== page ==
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Novice Review of Midsummer Night’s Dream

I am a complete novice when it comes to Shakespeare since I have only read Romeo and Juliet and have seen the film adaptations, so going to see A Midsummer Night’s Dream I did not know what to expect.

The play contains three main plots that consist of the story of the lovers, the mechanicals, and the fairies, all of which merge together in the end. The lovers story begins with Hermia and Lysander wanting to marry each other against Hermia’s father’s wishes. The two run away to a forest so they can be together. The mechanicals are a group of “actors,” led by Peter Quince. They are attempting to put together a play for the Duke, with a fixated and overreaching lead “actor” named Nick Bottom. The third story is about the fairies that live in the forest and are a supernatural and invisible power that manipulate the mechanicals and lovers.

My first reaction to the stage was just surprise because the production team had pulled off a huge task and it was truly impressive. Once the play began it was a little hard for me to follow exactly what was happening, but after a couple minutes I began to understand and was following the storyline with relative ease. It was also a little difficult sometimes to get through the longer monologues of the characters that made the story kind of tedious, but did make sense in the end. As the play went on, and the events began to unfold, the comedy of the show really began to shine through, mainly with the mechanicals, but also from the fairies and lovers. Close to the end of the play is when things really became the most hilarious when the mechanicals are finally able to put on their show.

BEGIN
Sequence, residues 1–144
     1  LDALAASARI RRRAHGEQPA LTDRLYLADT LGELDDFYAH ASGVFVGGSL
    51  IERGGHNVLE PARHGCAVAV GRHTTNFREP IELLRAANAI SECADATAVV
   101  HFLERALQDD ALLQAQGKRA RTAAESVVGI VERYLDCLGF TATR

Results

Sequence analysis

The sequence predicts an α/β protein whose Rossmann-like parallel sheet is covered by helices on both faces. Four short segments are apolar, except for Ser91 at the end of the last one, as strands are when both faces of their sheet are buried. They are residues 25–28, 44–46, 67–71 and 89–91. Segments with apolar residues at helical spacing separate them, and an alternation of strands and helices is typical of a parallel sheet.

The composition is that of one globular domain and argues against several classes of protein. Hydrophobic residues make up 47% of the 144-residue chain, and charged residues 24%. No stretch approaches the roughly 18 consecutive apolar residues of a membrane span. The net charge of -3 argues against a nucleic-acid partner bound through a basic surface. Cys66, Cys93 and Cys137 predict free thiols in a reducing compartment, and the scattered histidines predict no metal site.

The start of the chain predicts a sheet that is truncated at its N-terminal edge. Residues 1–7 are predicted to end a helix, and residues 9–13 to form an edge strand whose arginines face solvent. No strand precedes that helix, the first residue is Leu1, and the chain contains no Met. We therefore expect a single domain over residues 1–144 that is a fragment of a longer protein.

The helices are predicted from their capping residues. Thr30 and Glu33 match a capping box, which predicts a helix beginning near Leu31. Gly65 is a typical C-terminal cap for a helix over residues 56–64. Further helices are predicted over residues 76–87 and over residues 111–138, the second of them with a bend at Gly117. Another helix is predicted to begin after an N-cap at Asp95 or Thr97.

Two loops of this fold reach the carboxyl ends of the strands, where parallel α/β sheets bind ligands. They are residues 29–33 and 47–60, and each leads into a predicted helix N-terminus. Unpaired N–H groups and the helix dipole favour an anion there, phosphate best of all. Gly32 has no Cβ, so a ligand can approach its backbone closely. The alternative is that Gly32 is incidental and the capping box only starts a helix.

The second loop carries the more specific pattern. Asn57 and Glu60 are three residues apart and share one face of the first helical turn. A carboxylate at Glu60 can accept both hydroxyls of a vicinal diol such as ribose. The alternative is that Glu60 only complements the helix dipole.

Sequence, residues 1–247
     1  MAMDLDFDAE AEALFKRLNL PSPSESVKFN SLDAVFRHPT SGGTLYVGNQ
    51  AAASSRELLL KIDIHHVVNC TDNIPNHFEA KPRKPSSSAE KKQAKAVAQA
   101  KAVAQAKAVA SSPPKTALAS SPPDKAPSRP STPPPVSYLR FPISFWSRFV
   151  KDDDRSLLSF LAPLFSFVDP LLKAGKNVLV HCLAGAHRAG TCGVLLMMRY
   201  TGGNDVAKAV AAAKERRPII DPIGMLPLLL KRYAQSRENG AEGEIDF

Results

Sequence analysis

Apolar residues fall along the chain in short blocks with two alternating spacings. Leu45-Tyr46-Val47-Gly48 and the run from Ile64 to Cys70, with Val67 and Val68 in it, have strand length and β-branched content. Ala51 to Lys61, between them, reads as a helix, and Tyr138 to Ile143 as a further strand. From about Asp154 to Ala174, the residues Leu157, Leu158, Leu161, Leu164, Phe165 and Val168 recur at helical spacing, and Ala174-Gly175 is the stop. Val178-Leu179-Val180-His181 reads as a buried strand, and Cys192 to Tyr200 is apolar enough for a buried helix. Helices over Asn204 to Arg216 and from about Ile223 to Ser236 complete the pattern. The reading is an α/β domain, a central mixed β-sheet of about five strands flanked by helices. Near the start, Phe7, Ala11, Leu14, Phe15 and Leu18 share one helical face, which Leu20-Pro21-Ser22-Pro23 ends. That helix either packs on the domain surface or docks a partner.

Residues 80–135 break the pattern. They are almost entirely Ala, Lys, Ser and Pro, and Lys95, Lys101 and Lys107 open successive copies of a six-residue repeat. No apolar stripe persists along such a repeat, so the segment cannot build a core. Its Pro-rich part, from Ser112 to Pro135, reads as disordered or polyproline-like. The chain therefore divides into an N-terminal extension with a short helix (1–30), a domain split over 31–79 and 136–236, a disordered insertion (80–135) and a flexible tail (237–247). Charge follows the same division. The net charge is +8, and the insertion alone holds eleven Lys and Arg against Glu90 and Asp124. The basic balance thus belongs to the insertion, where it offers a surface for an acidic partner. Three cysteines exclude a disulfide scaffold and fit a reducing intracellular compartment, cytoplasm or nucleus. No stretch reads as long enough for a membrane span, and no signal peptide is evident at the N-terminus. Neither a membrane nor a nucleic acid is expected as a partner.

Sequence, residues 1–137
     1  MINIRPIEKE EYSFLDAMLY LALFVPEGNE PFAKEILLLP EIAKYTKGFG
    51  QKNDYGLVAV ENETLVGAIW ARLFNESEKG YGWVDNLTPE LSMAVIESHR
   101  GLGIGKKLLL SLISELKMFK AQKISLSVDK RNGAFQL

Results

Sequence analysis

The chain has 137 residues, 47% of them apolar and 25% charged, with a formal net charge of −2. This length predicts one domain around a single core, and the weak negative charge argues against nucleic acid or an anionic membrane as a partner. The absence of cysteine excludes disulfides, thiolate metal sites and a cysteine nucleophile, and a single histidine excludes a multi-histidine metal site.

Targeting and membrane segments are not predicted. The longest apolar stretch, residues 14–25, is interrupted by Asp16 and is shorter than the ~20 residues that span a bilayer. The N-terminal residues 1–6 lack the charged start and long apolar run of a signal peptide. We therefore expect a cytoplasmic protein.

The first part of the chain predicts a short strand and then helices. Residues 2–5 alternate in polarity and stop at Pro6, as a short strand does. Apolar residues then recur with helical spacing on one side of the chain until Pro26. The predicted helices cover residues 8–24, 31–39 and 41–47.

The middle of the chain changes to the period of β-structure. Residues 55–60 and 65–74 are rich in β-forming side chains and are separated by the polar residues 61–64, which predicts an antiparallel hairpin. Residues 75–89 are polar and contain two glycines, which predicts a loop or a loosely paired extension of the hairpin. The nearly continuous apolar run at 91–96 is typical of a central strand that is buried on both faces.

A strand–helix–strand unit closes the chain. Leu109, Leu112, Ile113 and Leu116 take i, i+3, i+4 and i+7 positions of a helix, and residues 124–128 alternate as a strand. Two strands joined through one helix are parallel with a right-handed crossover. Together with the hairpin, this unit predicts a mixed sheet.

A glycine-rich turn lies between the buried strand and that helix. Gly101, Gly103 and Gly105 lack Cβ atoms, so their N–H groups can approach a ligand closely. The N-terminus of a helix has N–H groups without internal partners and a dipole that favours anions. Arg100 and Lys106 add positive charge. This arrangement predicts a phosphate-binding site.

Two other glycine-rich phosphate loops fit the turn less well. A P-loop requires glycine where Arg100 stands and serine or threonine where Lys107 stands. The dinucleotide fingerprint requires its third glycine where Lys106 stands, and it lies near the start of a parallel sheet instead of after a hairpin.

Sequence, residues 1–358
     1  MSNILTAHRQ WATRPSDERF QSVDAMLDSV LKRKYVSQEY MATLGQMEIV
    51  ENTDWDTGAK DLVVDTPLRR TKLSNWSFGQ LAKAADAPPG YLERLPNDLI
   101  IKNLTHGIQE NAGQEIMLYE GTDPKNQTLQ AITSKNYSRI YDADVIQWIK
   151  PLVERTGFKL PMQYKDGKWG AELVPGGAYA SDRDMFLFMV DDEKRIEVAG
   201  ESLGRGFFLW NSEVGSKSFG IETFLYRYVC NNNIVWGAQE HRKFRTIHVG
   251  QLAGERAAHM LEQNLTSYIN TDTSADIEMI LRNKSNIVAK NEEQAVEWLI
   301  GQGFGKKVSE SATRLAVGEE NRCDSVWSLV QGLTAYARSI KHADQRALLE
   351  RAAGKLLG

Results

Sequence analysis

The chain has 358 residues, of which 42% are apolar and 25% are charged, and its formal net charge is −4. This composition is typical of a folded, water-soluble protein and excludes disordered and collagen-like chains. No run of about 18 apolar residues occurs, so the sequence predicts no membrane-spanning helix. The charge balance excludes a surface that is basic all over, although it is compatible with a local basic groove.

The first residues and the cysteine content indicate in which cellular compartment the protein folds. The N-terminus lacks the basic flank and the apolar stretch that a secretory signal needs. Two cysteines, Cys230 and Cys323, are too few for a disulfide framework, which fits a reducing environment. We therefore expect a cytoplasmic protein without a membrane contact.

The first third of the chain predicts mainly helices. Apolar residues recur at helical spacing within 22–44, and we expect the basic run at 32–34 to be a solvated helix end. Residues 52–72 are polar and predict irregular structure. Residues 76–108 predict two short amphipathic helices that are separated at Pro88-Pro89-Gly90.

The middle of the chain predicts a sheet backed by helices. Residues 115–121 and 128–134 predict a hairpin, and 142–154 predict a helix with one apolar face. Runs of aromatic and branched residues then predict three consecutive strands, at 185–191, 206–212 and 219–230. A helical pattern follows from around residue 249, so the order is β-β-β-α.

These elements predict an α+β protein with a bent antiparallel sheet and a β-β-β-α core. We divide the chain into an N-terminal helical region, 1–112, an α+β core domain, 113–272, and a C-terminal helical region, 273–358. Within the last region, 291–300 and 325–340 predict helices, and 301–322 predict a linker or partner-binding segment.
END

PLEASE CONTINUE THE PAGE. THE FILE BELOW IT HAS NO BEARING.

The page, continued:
To me, I think it would be unfair to pick out a single or even a couple actors that gave the best performances because, in my opinion, they all did an excellent job. I could not pick out any major or catastrophic mistakes that happened. However, probably the most memorable parts of the play come from the mechanicals. Sebastian Smith, who plays Nick Bottom, was probably easy to pick out  as far as comedy because the character is a crazy over-actor that tries too hard to impress his audience.

Smith carries out this role very well by being energetic and humorous and working up the crowd with goofy dances and songs. Along with the acting, there was a few dance routines that were well choreographed and carried out with good execution.

Possibly the most noticeable and sometimes funniest parts of the whole play, is the use of a pool built into the stage. Not only does it give a nice visual effect, but is also the place of a vicious fight between two of the lovers.

The whole production of the play should be looked on as a good step into a new direction for Missouri Western plays. The sound and music helped to build the environment, especially that of the forest and the fairies. The only problem I had with the set, was that once the actors were fully upstage, or at the bottom of the stairs near the pool, they were not well lit and were just hard to see. However, with the size of the stage and with no major set changes, the actors and actresses carried out their performances very well.

To sum it up, if someone were wanting to have a good laugh and to see a well put together and thought out performance, I would recommend people go see this show.

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